The Baxley Studio is actually still here! Manuel Miller took over Baxley's Studio, and it is our downtown Miller's Studio! Mr. Miller's daughter, Joan Livingston is the current owner and photographer. Miller's Studio staff still take pictures for the Grassburr!

The December 14, 1935 J-TAC states: "Pictures for the Grassburr have been coming in rather slowly until the last three or four days. Most of the club pictures have been turned in and the rest are expected before Saturday. Tuesday the Cadet Corps had its picture made for the annual. Some of our new officers surely were happy to have their pictures made in their uniforms with buttons and sabers! Captain Hart had to be told by Captain Davis to put his saber back in the sheath! Those who expect to get their individual pictures in should do so before the Christmas holidays!"

The Grassburr, which began in 1916, provides Tarleton with a great historical resource! Many people visit the library to look at the Grassburrs! Hopefully our current students will realize that it is important to have their pictures made for the Tarleton yearbook! Seventy five years ago the students had to get their pictures made before the Christmas break!

Dick Smith Library Cross Timbers Historic Images Project
. Stephenville Museum Collection.
J-TAC, December 14, 1935.

Wednesday, December 8, 2010

Reading/Grade Levels and Children's Books

Since I oversee the library's collection of children's books (here primarily to support our future teachers in the College of Education), I sometimes get asked for recommendations for books at certain reading or grade levels.  Sometimes this is because the child's school participates in Accelerated Reader; sometimes it's just because someone is looking for a book appropriate for a particular grade.

I won't go into the pros and cons of Accelerated Reader and other leveling systems here, except to say that if the child WANTS to read a book above grade or reading level, I certainly would not discourage the child from trying!  These systems are just guidelines.  Keep in mind too that even if the reading level of a book measures out as low, the content of the book may be more appropriate for an older child; and vice-versa.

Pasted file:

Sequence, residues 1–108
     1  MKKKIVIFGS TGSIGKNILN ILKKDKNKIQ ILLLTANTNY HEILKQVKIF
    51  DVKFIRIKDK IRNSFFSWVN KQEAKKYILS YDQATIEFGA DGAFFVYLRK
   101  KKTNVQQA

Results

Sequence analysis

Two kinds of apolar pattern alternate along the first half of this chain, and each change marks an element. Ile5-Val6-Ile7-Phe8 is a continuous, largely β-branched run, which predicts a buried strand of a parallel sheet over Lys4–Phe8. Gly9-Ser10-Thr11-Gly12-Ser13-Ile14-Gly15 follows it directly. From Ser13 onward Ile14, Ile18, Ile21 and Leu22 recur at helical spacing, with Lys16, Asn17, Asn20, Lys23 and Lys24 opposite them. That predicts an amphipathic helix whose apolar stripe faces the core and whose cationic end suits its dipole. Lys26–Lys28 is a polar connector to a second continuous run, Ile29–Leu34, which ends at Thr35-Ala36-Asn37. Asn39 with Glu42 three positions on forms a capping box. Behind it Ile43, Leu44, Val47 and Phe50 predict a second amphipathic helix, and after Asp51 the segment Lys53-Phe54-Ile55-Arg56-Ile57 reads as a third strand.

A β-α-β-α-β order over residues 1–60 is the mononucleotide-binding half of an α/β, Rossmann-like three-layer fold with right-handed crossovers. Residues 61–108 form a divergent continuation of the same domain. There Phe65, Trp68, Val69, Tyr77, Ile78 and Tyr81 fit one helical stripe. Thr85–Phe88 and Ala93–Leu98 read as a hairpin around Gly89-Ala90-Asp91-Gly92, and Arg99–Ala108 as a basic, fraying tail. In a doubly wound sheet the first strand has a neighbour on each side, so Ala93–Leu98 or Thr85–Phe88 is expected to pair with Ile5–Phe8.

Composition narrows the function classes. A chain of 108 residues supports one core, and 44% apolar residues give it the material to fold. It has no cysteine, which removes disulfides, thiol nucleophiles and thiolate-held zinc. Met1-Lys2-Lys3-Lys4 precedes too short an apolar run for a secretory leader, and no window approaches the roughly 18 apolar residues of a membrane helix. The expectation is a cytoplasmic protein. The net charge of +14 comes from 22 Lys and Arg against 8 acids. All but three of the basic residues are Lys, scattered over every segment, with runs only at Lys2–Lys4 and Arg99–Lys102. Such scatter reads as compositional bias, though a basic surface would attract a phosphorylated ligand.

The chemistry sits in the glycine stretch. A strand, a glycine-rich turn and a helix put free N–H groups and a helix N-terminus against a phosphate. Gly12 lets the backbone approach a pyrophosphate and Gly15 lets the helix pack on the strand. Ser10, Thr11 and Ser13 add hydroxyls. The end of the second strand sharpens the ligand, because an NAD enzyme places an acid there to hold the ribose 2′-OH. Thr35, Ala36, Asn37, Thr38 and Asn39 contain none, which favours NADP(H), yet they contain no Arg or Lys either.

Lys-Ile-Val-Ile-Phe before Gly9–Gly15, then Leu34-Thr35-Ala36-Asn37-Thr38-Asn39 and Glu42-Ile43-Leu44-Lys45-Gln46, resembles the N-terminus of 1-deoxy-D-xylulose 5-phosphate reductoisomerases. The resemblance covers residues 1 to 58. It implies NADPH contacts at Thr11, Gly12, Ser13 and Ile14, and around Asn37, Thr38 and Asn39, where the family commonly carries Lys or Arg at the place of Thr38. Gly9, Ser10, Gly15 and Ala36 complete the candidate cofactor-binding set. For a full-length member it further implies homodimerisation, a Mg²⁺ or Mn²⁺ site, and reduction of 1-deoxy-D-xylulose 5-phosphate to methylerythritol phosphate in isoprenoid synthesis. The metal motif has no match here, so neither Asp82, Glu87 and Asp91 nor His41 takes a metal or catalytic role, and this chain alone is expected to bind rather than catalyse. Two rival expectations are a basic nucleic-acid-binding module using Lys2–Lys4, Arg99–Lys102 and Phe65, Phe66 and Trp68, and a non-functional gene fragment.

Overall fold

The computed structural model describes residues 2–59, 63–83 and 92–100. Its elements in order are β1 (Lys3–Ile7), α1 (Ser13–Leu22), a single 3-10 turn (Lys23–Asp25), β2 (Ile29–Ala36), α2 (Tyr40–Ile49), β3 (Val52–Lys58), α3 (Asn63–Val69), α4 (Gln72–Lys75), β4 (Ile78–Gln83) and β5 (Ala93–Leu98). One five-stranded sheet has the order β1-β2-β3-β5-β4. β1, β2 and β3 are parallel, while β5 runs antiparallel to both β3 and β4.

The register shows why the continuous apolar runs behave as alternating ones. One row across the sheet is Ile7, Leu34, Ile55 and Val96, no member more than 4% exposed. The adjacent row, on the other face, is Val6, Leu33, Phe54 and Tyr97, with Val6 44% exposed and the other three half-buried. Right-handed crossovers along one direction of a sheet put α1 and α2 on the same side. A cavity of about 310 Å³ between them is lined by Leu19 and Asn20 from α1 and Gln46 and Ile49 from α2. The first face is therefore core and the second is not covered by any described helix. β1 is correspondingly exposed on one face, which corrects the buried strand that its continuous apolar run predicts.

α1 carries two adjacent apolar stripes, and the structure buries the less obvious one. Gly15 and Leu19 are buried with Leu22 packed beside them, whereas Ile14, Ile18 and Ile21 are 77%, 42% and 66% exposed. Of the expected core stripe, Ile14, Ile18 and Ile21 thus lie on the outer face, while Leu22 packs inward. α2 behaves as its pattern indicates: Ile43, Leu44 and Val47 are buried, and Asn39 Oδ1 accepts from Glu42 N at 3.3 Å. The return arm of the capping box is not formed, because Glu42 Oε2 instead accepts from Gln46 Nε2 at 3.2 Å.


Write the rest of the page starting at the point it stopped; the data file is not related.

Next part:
If you want to look up Accelerated Reader information yourself, you can do so at this site:  http://www.renlearn.com/store/quiz_home.asp.  Keep in mind that not all books have an AR quiz (and thus won't be assigned a grade level), and that even if the book HAS a quiz, the child's school may not own that quiz.  This page will also give you the interest level for books (UG = grades 9-12, MG = grades 4-8, LG = grades K-3), which can be very different from the reading level!

Another system for measuring the reading levels of books is the Lexile Framework. Lexiles are reported with the state's Texas Assessment of Knowledge and Skills (TAKS) test scores.You can look up the Lexile measure of books here:  http://lexile.com/fab/, while this page explains how those scores roughly correspond with grade levels:  http://www.lexile.com/about-lexile/grade-equivalent/grade-equivalent-chart/.

Tuesday, December 7, 2010

Top Ten Tuesdays: Top 10 Christmas Movies